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Think Big Analytics' Bodkin: Big data adoption means breaking silos

Hadoop has the ability ultimately to break down siloed data stores, Ron Bodkin says in a Q&A.

Big data adoption presents new challenges to data managers already grappling with multiple data silos. A rash of recent open source Apache Hadoop and NoSQL technology innovations could augur more of the same. Few have a closer view on the phenomenon than Ron Bodkin, co-founder and CEO at Think Big Analytics. This Mountain View, Calif., consulting and development services provider has especially focused on the Hadoop ecosystem, machine learning in Hadoop, real-time querying and other aspects of big data. He sees a lot of people offloading warehouse workloads, but there is much more going on as well.

Ron Bodkin, Think Big AnalyticsRon Bodkin

What is a current situation you see when people begin to take the road to Hadoop?

Ron Bodkin: There's a range of uses. Some uses are as cost optimizations. And there are companies that are trying to work with data that they could never work with in existing warehouses -- things that were formerly impossible or cost prohibitive. Some of the first projects people want to do are cost optimizations.

For example, people hadn't been able to keep a year of detailed data or raw, event-level data from logs. Sometimes, before, in traditional environments, the analysis of such data was infeasible. They may now want to work on click-stream analysis of a website, and they really want to get deep inside and see patterns of interaction on who is likely to buy. When they try to do these kinds of analyses in a data warehouse, they find they are resource intensive and can be expensive, and the analysts can't all really play along.

We even see companies that have done a certain amount of processing on the mainframe, and are interested in moving that logic off to Hadoop.

Ron Bodkin, Think Big Analytics

Often people want to take some of the workload out of the warehouse and do it in Hadoop. And as a bonus, they now have a deeper pool -- an active archive -- that they can go back and do analytics on.

We see a range of databases people are running -- Oracle, Teradata, Netezza, Vertica and so on. They may look to shift the data-preparation workload out. We even see companies that have done a certain amount of processing on the mainframe, and are interested in moving that logic off to Hadoop, because it is cost efficient and also because it is increasingly hard to find the Cobol programmers to maintain that logic.

Is it the case that, once companies have departmental success, there comes a drive to consolidate some of the Hadoop efforts centrally?

Bodkin: Yes. Once companies get to that level of success, we do see a desire to centralize -- because so much of the value of big data is in breaking down silos. It is about being able to put together different data sets in new ways. So, instead of having lots of different applications in different databases, you have a more common form of data storage and a way of getting deeper insight that can serve a variety of functions in the business.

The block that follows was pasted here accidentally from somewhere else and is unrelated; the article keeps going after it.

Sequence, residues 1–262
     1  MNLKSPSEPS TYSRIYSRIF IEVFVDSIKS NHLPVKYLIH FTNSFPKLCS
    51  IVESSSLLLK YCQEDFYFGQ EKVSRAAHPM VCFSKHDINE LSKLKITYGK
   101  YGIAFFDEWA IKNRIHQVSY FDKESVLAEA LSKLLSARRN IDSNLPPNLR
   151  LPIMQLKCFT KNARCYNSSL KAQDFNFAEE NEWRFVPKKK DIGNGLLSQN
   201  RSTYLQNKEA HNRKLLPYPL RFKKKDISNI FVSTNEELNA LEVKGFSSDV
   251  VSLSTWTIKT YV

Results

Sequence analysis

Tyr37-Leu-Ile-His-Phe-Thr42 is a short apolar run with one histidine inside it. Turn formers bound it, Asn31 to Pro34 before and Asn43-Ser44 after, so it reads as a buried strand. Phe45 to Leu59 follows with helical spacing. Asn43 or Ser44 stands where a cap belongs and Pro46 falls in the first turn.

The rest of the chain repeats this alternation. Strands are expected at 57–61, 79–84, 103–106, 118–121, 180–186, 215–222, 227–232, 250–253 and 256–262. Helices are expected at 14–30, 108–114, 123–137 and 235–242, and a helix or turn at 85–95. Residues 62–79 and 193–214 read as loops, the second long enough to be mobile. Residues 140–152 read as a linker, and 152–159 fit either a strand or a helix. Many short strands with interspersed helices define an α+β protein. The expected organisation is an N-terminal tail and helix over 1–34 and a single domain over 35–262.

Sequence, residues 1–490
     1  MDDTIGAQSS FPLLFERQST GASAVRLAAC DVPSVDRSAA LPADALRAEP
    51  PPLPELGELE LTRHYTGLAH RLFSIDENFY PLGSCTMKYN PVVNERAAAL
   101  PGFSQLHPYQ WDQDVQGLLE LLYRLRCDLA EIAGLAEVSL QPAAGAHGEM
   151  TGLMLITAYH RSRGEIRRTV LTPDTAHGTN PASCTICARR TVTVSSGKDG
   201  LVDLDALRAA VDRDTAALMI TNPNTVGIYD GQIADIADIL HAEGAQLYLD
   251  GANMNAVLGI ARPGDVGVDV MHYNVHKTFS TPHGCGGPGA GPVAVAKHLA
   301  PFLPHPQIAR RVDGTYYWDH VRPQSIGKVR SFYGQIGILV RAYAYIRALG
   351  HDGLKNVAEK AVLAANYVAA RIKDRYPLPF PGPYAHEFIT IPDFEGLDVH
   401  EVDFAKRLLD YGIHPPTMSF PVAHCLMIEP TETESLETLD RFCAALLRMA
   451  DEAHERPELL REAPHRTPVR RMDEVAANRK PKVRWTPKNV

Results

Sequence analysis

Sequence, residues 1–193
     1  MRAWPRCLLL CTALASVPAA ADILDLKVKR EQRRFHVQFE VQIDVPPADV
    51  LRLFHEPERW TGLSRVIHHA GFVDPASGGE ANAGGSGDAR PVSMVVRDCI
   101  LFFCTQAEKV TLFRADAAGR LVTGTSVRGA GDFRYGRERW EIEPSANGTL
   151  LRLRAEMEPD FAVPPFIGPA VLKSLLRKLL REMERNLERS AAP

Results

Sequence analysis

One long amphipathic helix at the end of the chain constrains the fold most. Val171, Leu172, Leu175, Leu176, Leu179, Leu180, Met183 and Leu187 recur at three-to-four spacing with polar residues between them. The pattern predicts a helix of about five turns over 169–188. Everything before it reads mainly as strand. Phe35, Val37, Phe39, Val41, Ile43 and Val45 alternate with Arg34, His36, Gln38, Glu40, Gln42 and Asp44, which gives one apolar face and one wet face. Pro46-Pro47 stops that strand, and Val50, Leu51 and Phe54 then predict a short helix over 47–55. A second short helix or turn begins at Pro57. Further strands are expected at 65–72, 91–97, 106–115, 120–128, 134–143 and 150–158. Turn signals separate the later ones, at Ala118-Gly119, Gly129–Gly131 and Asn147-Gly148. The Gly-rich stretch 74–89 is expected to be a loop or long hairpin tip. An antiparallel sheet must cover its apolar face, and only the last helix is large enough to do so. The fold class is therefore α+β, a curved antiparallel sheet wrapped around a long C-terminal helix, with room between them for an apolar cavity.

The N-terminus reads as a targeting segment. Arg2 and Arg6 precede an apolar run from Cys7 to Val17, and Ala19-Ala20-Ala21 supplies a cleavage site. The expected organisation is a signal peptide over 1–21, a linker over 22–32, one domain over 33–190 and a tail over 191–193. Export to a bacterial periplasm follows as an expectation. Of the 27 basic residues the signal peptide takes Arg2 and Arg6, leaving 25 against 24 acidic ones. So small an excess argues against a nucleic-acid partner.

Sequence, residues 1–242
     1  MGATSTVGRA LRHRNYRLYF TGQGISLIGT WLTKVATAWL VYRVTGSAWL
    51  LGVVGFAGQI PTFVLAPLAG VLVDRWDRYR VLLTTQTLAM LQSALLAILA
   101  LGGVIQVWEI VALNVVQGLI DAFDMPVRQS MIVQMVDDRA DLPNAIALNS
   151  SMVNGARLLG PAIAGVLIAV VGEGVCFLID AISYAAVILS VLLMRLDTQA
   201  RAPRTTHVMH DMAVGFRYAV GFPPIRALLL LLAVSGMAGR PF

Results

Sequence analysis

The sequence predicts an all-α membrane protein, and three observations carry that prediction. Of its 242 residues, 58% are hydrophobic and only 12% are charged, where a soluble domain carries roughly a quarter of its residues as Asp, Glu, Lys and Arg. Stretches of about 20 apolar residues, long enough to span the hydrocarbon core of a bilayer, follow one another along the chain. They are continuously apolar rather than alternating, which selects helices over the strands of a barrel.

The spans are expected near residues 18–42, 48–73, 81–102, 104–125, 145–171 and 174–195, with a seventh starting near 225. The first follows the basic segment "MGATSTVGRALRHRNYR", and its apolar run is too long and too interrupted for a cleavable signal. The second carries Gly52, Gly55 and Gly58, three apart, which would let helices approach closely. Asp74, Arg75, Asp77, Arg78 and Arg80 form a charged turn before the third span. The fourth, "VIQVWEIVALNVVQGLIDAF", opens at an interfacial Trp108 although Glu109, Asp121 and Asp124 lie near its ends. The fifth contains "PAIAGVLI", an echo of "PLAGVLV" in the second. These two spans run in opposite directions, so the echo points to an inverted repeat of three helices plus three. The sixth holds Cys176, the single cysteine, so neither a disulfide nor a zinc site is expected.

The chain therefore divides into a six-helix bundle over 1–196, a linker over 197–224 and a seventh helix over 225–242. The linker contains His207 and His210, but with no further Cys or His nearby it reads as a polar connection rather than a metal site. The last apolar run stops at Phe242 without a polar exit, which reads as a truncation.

Ways that we have seen as being successful are having cross-functional teams that will start by brainstorming opportunities to use data and analytics to drive better outcomes. They should put together a roadmap that looks at ways of changing the organization to be more data driven, and then identify specific projects to deliver that value. It could be creating better offers to respond to customers. It could be new ways to deal with fraud, risk and compliance and to use more than just transactional data streams, but instead add additional data sets like text data and social data.

It's not just Hadoop. It's also NoSQL. Are there times when people start out and try to apply one when they should apply the other?

Bodkin: Yes, definitely. There's a range of understanding. People may use a NoSQL database when they need massively scalable batch analytics, and generally, NoSQL databases are not designed to support that kind of throughput. People will pick one tool, often a NoSQL database, and use it for a variety of purposes, not realizing they may have grown into a need to have more than one technology. People may start with Hadoop and not realize it is time to add a NoSQL database for low-latency access to data as well.

Do you have to have a highly skilled data scientist to figure it all out? Is big data adoption really open to business users?

Bodkin: I think there is a range of skills and capabilities that benefit from Hadoop and big data analytics. Often customers start by asking questions that aren't deep data science questions but are instead basic questions they could never answer before. So, analysts and business users get a lot of value out of putting together a big data system where the data is available and they start to ask questions. Once you do that, it opens up the opportunity to do data science and to do deeper analysis.

For many companies, the first stage of their journey is about getting agile insights by just looking at the data, and then to do more data science. A lot of times there is this misconception that you have to leap to predictive models. A lot of the work starts with gaining basic insights, and then shifts to automation and prediction as the organization matures.

Jack Vaughan is SearchDataManagement's news and site editor. Email him at, and follow us on Twitter: @sDataManagement.

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